The buried archaeology has potential to tell us about the construction, and abandonment of structures of differing function within an ecclesiastical centre over an extended time period. In each period, we know that there were clusters of burials on St Michael's Knowe and within the Abbey Yards field. Surviving graves may date from the earliest phases of ecclesiastic use in the late 6th or early 7th centuries to the 15th / 16th century and can provide information on the population over an extended time period. Antiquarian discoveries of cists suggest there is also the potential for prehistoric burials. The burials may enhance our knowledge of status and burial practice, but can also reveal evidence for health, diet, illness, cause of death, and perhaps place of birth and the types of activities people undertook during life. The enclosures and buildings in the Glebe Field have the potential to provide further information about many diverse aspects of an ecclesiastic community over a long time period. Archaeological deposits should enable a better understanding of the period of Anglian occupation of the site, its Northumbrian influences and links to the wider Christian community.

Contextual characteristics (how a site or place relates to its surroundings and/or to our existing knowledge of the past)

Coldingham, has long been associated with the location of an influential Anglian monastery known as Colodaesburg, founded by St Aebbe between the late 6th and early 7th century AD. St Abbs Head has also been identified as the site of Colodaesburg but archaeological work in the vicinity of Coldingham Priory has provided evidence of ecclesiastical activity and burial during this period (Stronach 2006, Caswell et al 2019, Johnstone 2022) suggesting that Coldingham was an early Christian centre at this time. Archaeological work at St Abbs Head indicates that it was perhaps more likely to have been a fortified secular settlement.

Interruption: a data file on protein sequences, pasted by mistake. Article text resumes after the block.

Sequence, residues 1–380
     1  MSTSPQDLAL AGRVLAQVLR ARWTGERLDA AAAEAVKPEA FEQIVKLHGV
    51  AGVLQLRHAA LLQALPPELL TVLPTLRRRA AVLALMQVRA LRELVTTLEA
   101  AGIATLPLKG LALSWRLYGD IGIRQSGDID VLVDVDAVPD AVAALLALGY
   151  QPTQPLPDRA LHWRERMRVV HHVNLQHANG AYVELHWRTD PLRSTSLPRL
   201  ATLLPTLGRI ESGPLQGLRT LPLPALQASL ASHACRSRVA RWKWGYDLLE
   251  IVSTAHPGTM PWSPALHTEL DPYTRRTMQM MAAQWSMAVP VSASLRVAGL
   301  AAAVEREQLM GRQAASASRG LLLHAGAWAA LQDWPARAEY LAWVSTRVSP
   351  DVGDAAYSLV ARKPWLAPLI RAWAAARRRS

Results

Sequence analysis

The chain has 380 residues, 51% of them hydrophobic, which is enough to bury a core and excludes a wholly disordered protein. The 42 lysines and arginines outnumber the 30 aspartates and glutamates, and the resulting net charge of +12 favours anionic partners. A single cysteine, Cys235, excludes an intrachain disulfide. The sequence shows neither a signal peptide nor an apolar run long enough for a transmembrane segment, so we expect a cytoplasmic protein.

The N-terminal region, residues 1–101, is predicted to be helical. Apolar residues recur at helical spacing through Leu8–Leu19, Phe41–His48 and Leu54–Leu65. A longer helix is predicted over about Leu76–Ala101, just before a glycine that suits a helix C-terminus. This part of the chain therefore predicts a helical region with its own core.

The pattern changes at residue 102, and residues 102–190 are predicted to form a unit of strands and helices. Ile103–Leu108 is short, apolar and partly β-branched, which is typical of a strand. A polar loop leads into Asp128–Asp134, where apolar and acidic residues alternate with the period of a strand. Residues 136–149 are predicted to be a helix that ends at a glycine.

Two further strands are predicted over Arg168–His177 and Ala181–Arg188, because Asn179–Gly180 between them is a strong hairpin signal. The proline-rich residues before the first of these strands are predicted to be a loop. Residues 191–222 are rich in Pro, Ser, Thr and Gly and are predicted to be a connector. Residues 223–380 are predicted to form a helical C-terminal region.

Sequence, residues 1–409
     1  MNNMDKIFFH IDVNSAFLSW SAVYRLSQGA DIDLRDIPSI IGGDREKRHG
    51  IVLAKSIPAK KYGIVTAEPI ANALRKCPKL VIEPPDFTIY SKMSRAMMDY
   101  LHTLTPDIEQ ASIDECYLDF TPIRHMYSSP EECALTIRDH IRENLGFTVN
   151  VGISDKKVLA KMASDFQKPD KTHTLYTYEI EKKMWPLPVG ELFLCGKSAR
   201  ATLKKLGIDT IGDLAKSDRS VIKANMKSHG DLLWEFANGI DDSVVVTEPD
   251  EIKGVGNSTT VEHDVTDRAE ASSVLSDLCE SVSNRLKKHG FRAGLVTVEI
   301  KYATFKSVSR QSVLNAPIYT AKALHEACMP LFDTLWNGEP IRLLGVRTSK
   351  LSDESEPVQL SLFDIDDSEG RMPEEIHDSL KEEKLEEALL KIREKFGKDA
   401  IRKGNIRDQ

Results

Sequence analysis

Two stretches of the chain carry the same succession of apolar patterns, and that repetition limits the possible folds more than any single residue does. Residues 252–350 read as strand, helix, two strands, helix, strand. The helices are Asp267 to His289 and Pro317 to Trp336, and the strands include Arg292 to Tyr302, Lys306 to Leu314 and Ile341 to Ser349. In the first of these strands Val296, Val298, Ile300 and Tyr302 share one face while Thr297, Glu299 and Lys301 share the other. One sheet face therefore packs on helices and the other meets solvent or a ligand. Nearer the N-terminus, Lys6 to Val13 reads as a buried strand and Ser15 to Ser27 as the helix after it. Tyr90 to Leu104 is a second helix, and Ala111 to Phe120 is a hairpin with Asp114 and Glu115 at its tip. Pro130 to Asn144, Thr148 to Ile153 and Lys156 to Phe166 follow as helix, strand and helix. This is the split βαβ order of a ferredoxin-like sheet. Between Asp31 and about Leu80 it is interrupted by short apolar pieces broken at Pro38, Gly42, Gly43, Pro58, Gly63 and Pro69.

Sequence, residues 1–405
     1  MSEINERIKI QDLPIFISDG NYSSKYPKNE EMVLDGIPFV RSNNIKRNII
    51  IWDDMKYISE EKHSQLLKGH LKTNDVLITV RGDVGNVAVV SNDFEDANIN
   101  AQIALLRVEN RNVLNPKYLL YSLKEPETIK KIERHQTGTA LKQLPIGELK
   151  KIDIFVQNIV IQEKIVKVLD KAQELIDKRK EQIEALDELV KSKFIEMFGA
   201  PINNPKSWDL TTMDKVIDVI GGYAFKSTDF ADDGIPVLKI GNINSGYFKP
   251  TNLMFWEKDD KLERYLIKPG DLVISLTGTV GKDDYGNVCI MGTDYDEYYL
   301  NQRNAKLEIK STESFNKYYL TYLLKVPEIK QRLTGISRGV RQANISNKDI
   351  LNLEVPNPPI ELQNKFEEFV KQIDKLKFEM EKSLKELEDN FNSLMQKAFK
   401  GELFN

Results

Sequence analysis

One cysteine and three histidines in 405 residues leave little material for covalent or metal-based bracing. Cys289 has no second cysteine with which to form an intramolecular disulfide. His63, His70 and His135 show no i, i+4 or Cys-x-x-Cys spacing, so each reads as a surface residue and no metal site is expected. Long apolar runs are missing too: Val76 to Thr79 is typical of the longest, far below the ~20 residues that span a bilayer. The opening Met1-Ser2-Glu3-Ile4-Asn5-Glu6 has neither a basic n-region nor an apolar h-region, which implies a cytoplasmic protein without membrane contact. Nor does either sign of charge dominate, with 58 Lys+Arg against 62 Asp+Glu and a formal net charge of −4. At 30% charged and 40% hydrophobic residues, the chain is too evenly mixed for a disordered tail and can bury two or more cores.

Aebbe was the sister of Oswald, King of Northumbria and founder of the Anglian monastery at Lindisfarne. Aebbe's monastery is known to have been visited by St Cuthbert, who was at that time the Bishop of Lindisfarne. The monastery is listed among the possessions of the See of Lindisfarne in AD854 and is recorded by the Venerable Bede as being a 'double house' occupied by both male and female residents (Bede, Book IV. 19–25) and was also home to at least one other member of Anglian royalty, Etheldreda, wife of King Ecgfrith of Northumbria and Aebbe's niece. Although the status of the monastery is unclear, the presence of royalty within the community coupled with its close ties to Lindisfarne, would have afforded a great deal of wealth and influence to the monastery (Archaeology Services Durham 2014). According to Bede, the monastery was relatively short lived as it was burnt to the ground shortly after Aebbe's death, sometime around AD680, and was abandoned by most of its inhabitants (Bede Book IV. 19–25). Historical sources suggest that monastery was rebuilt only to be destroyed by a Norse raiding party in AD870.

There have been other archaeological excavations in the vicinity of this monument adding further context to the site. Excavations to the north of the monument on a site on Fisher's Brae revealed a broad ditch aligned east-west which was identified as being part of a vallum, an earthwork marking the boundaries of a major medieval ecclesiastical site. Other work as part of a house extension revealed the presence of burials to the north-east of the priory.